Do you have any advice on how a person trained in stealth would react in a direct hand-to-hand fight?

The same as anyone else, based on their hand to hand training. I’ve had an answer kicking around the draft pile for a couple weeks, that just won’t come together talking about stealth in more detail. But the short version is a kind of, “there is no spoon,” mess.

Stealth is one of those things that gets horrifically misrepresented in media. It’s not about being invisible, or simply staying out of sight, it’s about tricking other people into not noticing you. This sounds like an academic distinction but it’s really not.

Stealth comes in basically one flavor; camouflage. From a hunter playing pretend soldier with their .308 rifle, to actual snipers in ghillie suits, to ninjas in their black garb… actually, the there’s a joke with ninjas, so we’ll get back to that in a bit.

Camouflage in rural environments works off a simple concept: your brain processes where objects are by finding the outline. It doesn’t matter how smart you are, it’s our visual Achilles heel, like animals that can’t see non-moving objects, if something doesn’t have an outline, our brain can’t figure out what we’re looking at.

Camouflage, normal “I spilled paint and coffee on myself” camouflage, works by messing with your outline. Modern digital camo designs do the same thing, incidentally. Outside of the intended environment, it won’t work, but when some of the colors start getting close to the colors around it, the person becomes substantially harder to pick out. It’s basically just an optical illusion armed with high powered weaponry.

Now, when someone moves you’ll still see them, camo or no, because movement is still a pretty solid way of identifying objects in your environment as something that wants to eat you, and your brain is hardwired to react to that, but even then, camo will make it harder to accurately shoot someone. Simply because it’s harder to judge distance and exact position.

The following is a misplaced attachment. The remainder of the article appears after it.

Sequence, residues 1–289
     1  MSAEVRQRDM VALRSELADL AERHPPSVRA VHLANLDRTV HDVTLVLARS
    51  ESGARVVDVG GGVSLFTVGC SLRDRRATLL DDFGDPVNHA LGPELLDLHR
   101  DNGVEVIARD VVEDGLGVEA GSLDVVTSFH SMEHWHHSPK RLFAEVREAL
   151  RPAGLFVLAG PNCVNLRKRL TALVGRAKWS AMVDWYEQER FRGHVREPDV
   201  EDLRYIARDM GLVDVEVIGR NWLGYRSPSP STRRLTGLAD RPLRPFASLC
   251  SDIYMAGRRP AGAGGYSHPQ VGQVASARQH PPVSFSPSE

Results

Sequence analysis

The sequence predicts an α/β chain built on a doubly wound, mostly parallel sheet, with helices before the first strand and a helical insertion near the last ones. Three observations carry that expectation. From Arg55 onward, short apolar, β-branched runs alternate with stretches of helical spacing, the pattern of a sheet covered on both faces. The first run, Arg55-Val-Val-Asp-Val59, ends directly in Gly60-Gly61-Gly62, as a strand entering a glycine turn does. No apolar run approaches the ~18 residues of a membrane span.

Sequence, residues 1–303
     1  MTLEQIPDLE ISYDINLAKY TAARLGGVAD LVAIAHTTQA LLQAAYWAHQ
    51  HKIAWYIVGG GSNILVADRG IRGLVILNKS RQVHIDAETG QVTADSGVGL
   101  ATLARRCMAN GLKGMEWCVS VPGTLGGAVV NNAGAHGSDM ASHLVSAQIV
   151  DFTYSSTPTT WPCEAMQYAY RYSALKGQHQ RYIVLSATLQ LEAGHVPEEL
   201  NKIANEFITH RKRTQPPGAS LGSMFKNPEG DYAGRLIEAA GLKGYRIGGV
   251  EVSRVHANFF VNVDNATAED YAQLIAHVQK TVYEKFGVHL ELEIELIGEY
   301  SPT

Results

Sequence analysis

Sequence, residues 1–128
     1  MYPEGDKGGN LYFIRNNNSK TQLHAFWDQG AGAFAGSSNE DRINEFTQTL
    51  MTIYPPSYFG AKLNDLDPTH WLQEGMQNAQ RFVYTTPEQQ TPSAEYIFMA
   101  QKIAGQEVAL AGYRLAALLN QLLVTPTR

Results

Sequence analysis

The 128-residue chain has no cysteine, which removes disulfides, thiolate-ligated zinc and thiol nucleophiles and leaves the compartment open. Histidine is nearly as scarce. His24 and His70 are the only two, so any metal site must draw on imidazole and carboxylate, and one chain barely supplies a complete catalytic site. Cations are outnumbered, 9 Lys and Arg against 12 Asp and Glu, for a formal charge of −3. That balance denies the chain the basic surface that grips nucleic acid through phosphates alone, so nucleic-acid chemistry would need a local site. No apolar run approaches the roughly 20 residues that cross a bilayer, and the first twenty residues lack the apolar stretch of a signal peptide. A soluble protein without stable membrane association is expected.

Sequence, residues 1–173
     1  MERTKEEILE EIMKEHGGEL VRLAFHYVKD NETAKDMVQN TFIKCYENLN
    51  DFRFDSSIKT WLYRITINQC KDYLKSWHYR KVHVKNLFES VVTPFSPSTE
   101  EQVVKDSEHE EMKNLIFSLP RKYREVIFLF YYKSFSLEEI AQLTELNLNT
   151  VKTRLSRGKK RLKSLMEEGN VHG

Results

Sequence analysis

Which brings us to the other kind of camouflage, looking like you belong there. Ghillie suits are those swamp mops that you’ll see snipers wearing in some media. The trick is, in these suits, properly outfitted, a sniper actually looks like part of the environment. You can see them just fine, but you don’t notice them (unless you’re looking for “tree tumors”), because they actually look like something that belongs there.

For reference: tree tumors are snipers that have nestled themselves up against trees, and are trying to blend into it. From what little I know on the subject, I’m guessing the major risk is that they won’t actually match to the tree’s outline, or soldiers patrolling the area are more likely to notice that the tree doesn’t look right anymore and investigate. Either way, it’s something that instructors drill out of their trainees.

I said the “other kind of camouflage,” because, really, this is stealth. In an urban environment, being invisible is more about looking like someone who’s supposed to be there, than pulling on a skintight leather outfit, strapping IR goggles to your head, and hanging from the ceiling with oddly brand coordinated firearms.

Infiltration is about looking like you belong until the last possible moment, and then getting out before anyone realizes something’s off. You can’t do that in a catsuit, but you can do it in a regular suit and tie, or a maintenance jumpsuit, or a lab coat. It’s all about looking like you belong. Tragically, there are few places your characters will want to infiltrate where disguising themselves in an S&M outfit will work.

I mentioned ninjas earlier, because there is a joke there. Actual ninjas would disguise themselves as laborers, farmers, servants, or other peasants and would sneak in that way. The black garb you probably recognize would have been a fantastic disguise if they were assassinating an actor in a play, but would have had limited utility outside of that. But, that’s also the joke.

The black garb is actually a Japanese stagehand’s outfit. These are the people who would be on set moving stuff around, and adjusting the scenery in a play. That was their job, and it was understood that you weren’t supposed to be watching them because they weren’t actually part of the play. So, as a viewer, you’d filter them out, and ignore them. And then one of them would stab a character, because it was a ninja, in the play, who had disguised themselves as something you’d never suspect; one of the stagehands.

Somewhere in the transition to film and TV, the stagehand outfit came along, either as a gag or an homage, and spilled over into more and more media. The actual black backdrops of the stage productions were gone, it wasn’t actually camouflage anymore, but the outfit had become a visual shorthand for, “you can’t see me, I’m a ninja.”

Anyway, apologies about running late on this one tonight.

-Starke

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